Apple’s Tim Cook defends Steve Jobs in light of negative film portrayals

Apple CEO Tim Cook says predecessor Steve Jobs was “an amazing human being” on Late Night with Stephen Colbert

Apple chief executive Tim Cook defended his predecessor Steve Jobs on Tuesday night in light of negative film portrayals of Jobs.

In a television interview on the Late Show with Stephen Colbert, Mr Cook said he had not seen the films in question but that such portrayals of Jobswere “opportunistic”.

“The Steve I knew was an amazing human being. He’s someone that you wanted to do your best work,” Mr Cook said. “He had this uncanny ability to see around the corner and describe a future – not an evolutionary future but a revolutionary future.”

Mr Cook took over as Apple’s CEO in 2011 in the finals months of Jobs’s life, and worked under him for 13 years as a senior executive.

“He was a joy to work with and I love him dearly, I miss him every day,” Cook said in Wednesday’s interview. “I think that a lot of people are trying to be opportunistic and I hate that, it’s not a great part of our world.”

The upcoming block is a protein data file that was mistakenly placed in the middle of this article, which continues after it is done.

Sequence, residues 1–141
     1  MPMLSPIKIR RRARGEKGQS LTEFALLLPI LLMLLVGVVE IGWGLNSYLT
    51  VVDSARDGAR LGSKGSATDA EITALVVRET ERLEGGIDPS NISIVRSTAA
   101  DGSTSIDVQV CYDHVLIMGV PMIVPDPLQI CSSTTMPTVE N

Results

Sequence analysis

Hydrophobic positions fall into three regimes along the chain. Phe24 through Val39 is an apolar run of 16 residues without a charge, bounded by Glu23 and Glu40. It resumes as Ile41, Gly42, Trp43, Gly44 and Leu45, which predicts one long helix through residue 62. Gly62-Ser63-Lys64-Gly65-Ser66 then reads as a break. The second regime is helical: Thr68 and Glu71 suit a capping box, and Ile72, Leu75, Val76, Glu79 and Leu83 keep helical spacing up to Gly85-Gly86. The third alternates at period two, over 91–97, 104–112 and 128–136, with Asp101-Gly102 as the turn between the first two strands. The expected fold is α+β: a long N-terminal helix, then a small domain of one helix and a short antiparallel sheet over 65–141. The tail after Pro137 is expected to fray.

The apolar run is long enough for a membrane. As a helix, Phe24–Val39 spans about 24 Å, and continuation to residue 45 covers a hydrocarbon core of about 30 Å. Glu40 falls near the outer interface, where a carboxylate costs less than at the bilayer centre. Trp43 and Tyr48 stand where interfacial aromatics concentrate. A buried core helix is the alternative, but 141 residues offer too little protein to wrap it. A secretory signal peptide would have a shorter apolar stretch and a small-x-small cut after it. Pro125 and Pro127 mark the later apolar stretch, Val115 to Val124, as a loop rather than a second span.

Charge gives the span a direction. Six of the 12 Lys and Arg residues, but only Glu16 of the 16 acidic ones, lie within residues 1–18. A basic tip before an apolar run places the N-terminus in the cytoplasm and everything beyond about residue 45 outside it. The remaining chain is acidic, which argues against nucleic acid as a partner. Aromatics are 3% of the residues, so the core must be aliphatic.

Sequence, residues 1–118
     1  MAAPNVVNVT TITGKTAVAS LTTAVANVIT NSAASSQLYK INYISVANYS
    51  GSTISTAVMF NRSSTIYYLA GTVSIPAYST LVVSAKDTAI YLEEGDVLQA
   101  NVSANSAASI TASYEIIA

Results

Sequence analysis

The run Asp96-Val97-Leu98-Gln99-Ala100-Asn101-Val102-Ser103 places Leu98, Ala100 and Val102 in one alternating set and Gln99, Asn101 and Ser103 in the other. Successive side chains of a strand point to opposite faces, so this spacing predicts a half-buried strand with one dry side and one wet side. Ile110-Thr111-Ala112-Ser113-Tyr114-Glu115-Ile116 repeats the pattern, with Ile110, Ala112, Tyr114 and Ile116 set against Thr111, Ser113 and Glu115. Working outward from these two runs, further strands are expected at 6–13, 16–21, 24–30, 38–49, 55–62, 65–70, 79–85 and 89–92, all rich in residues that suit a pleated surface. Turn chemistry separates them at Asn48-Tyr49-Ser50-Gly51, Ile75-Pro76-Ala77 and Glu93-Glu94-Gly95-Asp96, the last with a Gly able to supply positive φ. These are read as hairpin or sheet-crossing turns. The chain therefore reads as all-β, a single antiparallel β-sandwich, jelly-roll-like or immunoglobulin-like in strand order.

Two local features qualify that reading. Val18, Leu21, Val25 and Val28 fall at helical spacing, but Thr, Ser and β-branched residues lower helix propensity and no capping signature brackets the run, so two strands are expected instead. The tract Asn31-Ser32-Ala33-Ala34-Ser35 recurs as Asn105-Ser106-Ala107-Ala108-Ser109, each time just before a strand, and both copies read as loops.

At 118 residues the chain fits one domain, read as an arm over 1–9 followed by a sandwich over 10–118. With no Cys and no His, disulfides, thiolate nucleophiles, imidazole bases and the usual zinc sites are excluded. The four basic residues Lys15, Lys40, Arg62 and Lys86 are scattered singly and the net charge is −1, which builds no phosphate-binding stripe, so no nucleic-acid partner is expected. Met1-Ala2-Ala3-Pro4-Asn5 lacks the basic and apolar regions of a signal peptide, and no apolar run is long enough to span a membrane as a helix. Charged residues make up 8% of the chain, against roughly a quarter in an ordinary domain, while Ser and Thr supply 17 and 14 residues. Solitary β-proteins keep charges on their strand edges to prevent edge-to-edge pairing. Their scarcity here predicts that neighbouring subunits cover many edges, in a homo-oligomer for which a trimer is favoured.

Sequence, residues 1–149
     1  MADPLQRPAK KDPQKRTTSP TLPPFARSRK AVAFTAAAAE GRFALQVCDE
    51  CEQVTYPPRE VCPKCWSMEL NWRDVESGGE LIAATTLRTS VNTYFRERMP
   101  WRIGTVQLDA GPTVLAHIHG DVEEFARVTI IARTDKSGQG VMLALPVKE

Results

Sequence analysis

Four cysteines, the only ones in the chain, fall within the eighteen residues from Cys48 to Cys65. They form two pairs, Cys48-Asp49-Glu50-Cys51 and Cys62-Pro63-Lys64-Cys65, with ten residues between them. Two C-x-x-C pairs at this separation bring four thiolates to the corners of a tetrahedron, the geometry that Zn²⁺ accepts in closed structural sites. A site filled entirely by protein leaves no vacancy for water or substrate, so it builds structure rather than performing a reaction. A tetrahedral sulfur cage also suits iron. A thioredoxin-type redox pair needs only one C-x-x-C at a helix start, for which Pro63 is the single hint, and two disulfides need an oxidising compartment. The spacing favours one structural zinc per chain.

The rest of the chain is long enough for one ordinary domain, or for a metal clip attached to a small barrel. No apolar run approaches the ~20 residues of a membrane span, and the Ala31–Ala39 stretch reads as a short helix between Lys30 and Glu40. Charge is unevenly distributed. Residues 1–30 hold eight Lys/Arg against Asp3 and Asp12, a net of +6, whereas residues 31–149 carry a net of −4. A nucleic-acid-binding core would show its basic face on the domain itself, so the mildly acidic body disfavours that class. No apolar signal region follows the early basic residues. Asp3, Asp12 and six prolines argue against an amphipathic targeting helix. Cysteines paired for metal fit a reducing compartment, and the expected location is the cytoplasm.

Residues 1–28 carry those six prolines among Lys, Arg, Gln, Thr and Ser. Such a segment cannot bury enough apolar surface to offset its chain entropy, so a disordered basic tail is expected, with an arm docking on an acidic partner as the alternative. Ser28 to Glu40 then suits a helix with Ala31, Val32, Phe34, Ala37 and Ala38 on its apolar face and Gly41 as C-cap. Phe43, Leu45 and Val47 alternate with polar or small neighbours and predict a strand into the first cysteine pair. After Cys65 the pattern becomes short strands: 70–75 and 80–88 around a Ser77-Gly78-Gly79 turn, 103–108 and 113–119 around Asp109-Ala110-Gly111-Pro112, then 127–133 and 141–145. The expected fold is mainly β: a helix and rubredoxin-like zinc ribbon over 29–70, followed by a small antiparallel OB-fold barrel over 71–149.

Steve Jobs constructed an organisation that revolutionised electronics but was also by many accounts unpleasant to work for

The films alluded to during the interview were Steve Jobs: The Man in the Machine, a documentary released earlier this month, and an upcoming biopic directed by Danny Boyle and titled simply Steve Jobs.

Jobs is portrayed as “ruthless, canny, and tenacious” in The Man in the Machine, according to the New York Times. A trailer for Steve Jobs shows Michael Fassbender as Jobs, lashing out at his colleagues and family.

Later in the interview Mr Cook discussed his decision to come out as gay last fall, saying he felt a “tremendous responsibility to do it”.

“It became so clear to me that kids are being bullied in school, kids were getting basically discriminated against, kids were even being disclaimed by their own parents and that I needed to do something,” he said.

“Where I valued my privacy significantly, I felt that I was valuing it too far above what I could do for other people. And so I wanted to tell everyone my truth.”

Mr Cook compared people’s reactions to his announcement to “discovering something your iPhone has always done but you didn’t quite know it.”

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